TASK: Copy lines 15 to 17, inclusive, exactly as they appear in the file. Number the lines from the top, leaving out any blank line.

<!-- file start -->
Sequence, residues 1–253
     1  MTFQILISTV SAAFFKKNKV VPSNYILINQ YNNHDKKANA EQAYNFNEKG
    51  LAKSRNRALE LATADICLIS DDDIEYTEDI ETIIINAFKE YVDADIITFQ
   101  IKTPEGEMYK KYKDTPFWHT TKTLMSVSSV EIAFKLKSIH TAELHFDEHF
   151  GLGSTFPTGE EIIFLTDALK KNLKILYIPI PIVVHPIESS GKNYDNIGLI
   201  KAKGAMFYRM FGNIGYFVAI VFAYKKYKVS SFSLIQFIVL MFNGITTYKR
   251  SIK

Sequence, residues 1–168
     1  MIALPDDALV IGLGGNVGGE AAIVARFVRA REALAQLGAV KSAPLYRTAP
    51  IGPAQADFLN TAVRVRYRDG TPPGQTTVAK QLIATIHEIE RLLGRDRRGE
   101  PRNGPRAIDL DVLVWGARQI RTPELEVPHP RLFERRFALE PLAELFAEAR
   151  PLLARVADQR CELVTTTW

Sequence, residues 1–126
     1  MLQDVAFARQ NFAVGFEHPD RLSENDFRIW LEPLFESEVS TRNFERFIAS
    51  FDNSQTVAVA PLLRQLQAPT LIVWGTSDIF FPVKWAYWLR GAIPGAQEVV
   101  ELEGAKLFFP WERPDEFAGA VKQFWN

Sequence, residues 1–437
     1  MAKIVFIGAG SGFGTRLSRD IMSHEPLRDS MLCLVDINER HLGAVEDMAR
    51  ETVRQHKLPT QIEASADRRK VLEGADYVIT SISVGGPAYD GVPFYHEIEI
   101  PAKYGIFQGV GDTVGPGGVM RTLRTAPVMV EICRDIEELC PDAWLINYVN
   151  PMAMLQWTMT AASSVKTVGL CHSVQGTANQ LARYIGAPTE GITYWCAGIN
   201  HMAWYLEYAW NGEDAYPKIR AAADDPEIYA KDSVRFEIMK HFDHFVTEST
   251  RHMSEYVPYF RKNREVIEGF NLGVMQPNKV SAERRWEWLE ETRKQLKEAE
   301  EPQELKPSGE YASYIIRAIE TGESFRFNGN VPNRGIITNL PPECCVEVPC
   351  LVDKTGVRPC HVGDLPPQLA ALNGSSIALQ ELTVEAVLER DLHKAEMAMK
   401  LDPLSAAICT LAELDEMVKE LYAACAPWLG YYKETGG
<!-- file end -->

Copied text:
    51  FDNSQTVAVA PLLRQLQAPT LIVWGTSDIF FPVKWAYWLR GAIPGAQEVV
   101  ELEGAKLFFP WERPDEFAGA VKQFWN

Sequence, residues 1–437